Animated Christmas display is a tradition for Quincy family

One of Quincy’s most popular Christmas lighting displays is put up each year by the Loatsch family in the yard of the Loatsch home on South 24th. They have been displaying Christmas lights and themes for more than 50 years. (H-W Photo/Steve Bohnstedt)
Posted: Dec. 22, 2012 6:12 pm Updated: Nov. 28, 2014 9:16 pm

Herald-Whig Staff Writer

Anyone who has traveled down South 24th Street at the holidays over the last half a century couldn't help but have their attention diverted to the house on the southwest corner of 24th and Payson Avenue.

The annual display at the Loatsch house doesn't match the gaudy effort put forth by the fictional Clark Griswold in "Christmas Vacation," which seems to be the standard-bearer by which all other Christmas displays are measured. But the history behind one of Quincy's best-known holiday displays would make for a nice Hollywood script.

It's the brainchild of the late Louis Loatsch, whose family has lived at the house for 51 years. Each year, the family has celebrated the season by turning its front yard into a winter wonderland. It started simply with a few reindeer placed there. Fearing that some hooligans might try to steal the reindeer, Loatsch moved the reindeer to the roof, and a tradition was born.

Once the reindeer went to the roof, Loatsch made it his goal to give people something special to see in his yard. For each year's Christmas display, the lights went on Thanksgiving night.

Even after Loatsch's death in 2009, the family continues to carry on his tradition.

"It was fun," said Loatsch's daughter, Cheryl. "It was something that we enjoyed. You didn't think about it until you saw a line of cars out front. At the pace that traffic on 24th goes, you wonder if anyone sees."

Oh, they see the displays all right. People have written the family over the years to let them know how much they enjoy the displays.

"They tell us that they were in town over the holidays and looked forward to seeing Dad's display," Loatsch said.

When Louis Loatsch died in October 2009, there was never a thought to end the family's Christmas tradition. He had big plans for the family's toy solider display, and the family was bound and determined to make good on his wishes.

The toy soldier display, Cheryl Loatsch said, was one of his first expanded displays.

"He wanted them to move and had a cannon that actually smoked," she said. "It just kept growing form there."

Loatsch said the family has six displays that it rotates through. Each has gotten a little bigger and better as the years have passed. This year's display is inspired by the "Peanuts" comic strip. Throughout the front yard, side yard and the four-deck treehouse in the family's back yard are stand-up cutouts from Charles Schulz's popular gang. It also has a piece that Louis Loatsch would love to see.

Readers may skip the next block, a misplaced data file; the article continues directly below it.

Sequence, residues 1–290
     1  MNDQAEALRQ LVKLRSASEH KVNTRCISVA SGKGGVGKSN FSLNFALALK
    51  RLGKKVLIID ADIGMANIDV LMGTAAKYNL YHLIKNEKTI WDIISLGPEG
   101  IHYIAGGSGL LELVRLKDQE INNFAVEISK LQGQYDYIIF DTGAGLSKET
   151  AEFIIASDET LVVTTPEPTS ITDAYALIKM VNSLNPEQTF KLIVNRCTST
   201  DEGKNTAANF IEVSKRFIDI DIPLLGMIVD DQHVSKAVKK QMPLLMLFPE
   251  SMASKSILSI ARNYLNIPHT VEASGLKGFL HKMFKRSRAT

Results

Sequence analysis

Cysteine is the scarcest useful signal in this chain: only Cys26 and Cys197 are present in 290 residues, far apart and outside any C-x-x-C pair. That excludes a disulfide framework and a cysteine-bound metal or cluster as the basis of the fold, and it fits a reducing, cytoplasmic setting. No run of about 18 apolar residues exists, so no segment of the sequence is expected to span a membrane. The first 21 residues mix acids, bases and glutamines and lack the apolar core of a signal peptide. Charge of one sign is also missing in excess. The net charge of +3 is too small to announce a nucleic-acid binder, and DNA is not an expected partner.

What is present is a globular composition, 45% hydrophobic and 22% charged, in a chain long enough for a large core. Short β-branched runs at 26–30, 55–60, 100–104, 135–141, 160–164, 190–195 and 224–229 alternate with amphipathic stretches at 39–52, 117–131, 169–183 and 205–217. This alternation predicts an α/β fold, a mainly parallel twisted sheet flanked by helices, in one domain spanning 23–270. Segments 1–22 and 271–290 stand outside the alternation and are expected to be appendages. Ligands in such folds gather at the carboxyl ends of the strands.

Louis Loatsch envisioned having a movable skating rink in the front yard with the Peanuts display. He couldn't quite pull it off, but his band of elves were able to get that to work this year. Several characters are skating, while others are ready to play a little hockey in the Loatsches' front yard.

Cheryl Loatsch credited several people for helping keep the family's tradition alive. All the displays have been repainted and refined over the last few years thanks to the efforts of Kyle Krohn, Jill Schuckman, Dale Dietrich, Mike Pausch and Brian Hackett.

"There is a lot of work," Loatsch said. "But it's really fun when it is all put together and it all functions like it's supposed to. We have learned a lot. There is a lot to do with motors and mechanics that work great in a garage, but when you take them outside in the cold, snow and ice, it becomes more challenging."

Loatsch said she repays her crew with a dinner every year when they start to make plans for the next year's display. They want to keep her father's passion for Christmas alive through the displays.

"One of the things that keeps us moving forward year after year is that we have wonderful comments from people," she said. "People remember the original displays as kids and bring their children to see them. It's a way to keep the spirit of what he originally started moving forward. Part of that spirit had to do with doing something for others."




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